That trigger is GRATITUDE.

Dr. Martin Seligman was my psych professor at the University of Pennsylvania.  He’s also the founder of Positive Psychology and one of the most prominent psychologists ever.  Positive Psychology turned all psychology on its head (Silicon Valley people would use the term ‘disrupted’) by positing that psychology should actively try to amplify people’s well being, rather than simply aim to cure what ails them.  It was pretty revolutionary in its time.  Now it’s standard practice.

Anyway, Dr. Seligman has crated what he terms ‘The Gratitude Challenge.’  Before I explain what that is, I want to point out that I am NOT one of those uber-hippy-green-mantra-vegan-zen-Buddha-people.  So when I throw out something like The Gratitude Challenge, I do it because I know its legit.  This comes from years of scientific research by an actual innovative psychologist, not some chick who handles people’s chakras for a living.

That being said, here’s The Gratitude Challenge, as explained by Dr. Seligman himself:

For sound evolutionary reasons, most of us are not nearly as good at dwelling on good events as we are at analyzing bad events. Those of our ancestors who spent a lot of time basking in the sunshine of good events, when they should have been preparing for disaster, did not survive the Ice Age. So to overcome our brains’ natural catastrophic bent, we need to work on and practice this skill of thinking about what went well.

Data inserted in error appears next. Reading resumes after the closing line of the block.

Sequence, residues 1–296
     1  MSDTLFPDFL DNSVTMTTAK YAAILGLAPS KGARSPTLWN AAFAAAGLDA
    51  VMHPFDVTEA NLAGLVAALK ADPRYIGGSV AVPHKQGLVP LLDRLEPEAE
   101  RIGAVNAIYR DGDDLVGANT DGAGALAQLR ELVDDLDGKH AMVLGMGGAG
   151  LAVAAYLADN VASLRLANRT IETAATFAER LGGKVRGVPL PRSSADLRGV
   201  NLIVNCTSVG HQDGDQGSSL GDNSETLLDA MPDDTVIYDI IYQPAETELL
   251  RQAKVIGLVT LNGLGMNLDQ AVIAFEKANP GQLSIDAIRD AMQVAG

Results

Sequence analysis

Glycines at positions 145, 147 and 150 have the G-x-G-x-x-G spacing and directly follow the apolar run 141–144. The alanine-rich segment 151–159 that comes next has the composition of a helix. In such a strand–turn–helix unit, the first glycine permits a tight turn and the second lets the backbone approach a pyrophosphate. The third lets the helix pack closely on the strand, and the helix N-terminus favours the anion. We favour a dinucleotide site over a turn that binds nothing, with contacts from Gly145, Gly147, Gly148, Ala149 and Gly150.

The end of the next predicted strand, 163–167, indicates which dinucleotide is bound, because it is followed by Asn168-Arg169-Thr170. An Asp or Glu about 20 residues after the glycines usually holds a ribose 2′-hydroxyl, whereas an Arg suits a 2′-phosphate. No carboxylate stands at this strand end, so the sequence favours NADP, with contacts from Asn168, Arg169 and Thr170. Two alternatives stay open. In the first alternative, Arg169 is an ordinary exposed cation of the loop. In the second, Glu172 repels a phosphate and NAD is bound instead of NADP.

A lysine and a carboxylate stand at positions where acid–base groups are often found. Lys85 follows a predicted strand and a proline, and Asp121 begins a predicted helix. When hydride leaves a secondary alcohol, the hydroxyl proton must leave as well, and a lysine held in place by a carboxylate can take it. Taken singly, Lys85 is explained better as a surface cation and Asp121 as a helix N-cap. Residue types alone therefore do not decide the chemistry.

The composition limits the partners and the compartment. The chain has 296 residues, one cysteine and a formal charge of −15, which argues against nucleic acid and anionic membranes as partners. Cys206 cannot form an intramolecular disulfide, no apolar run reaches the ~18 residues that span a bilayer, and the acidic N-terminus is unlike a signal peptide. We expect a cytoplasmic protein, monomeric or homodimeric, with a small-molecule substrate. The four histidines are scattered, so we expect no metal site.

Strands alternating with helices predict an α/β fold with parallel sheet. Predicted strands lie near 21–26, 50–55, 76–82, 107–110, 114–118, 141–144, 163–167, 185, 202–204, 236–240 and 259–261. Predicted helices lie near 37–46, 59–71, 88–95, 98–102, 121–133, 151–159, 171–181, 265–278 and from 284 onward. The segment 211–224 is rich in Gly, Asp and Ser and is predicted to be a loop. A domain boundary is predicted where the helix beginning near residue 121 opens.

Every night for the next week, set aside ten minutes before you go to sleep. Write down three things that went well today and why they went well. You may use a journal or your computer to write about the events, but it is important that you have a physical record of what you wrote. The three things need not be earthshaking in importance (“My husband picked up my favorite ice cream for dessert on the way home from work today”), but they can be important (“My sister just gave birth to a healthy baby boy”).

Next to each positive event, answer the question “Why did this happen?” For example, if you wrote that your husband picked up ice cream, write “because my husband is really thoughtful sometimes” or “because I remembered to call him from work and remind him to stop by the grocery store.” Or if you wrote, “My sister just gave birth to a healthy baby boy,” you might pick as the cause … “She did everything right during her pregnancy.”

Writing about why the positive events in your life happened may seem awkward at first, but please stick with it for one week. It will get easier.

That’s it!  That’s all.  That’s the entire challenge.  Just write down 3 good things that happened today and why they happened.  Do that every night before you go to bed.

The reason The Gratitude Challenge works so well is because it’s so freaking simple.  The whole thing takes maybe a minute or two.  And its genius is that it gets your brain into the habit of thinking positively, which, as Dr. Seligman points out, is against our evolutionary nature.

I come from a family of cynical intellectual New York Jews, so trust me when I say that I am one SUPER NEGATIVE MOFO.  But after just a few days of taking The Gratitude Challenge, I can honestly say that I began actually BEING MORE GRATEFUL during the course of my day!  Positive things would happen, and I’d start to notice them instead of brush them aside.  I’d APPRECIATE LIFE more.  Simply because i trained my brain to get into the habit of doing so.

And gratitude is the key ingredient – the secret sauce – of happiness.  The more gratitude I feel for the things I have, the less I dwell on the things I don’t have.  That equals more happiness, less unhappiness, and an overall better quality of life.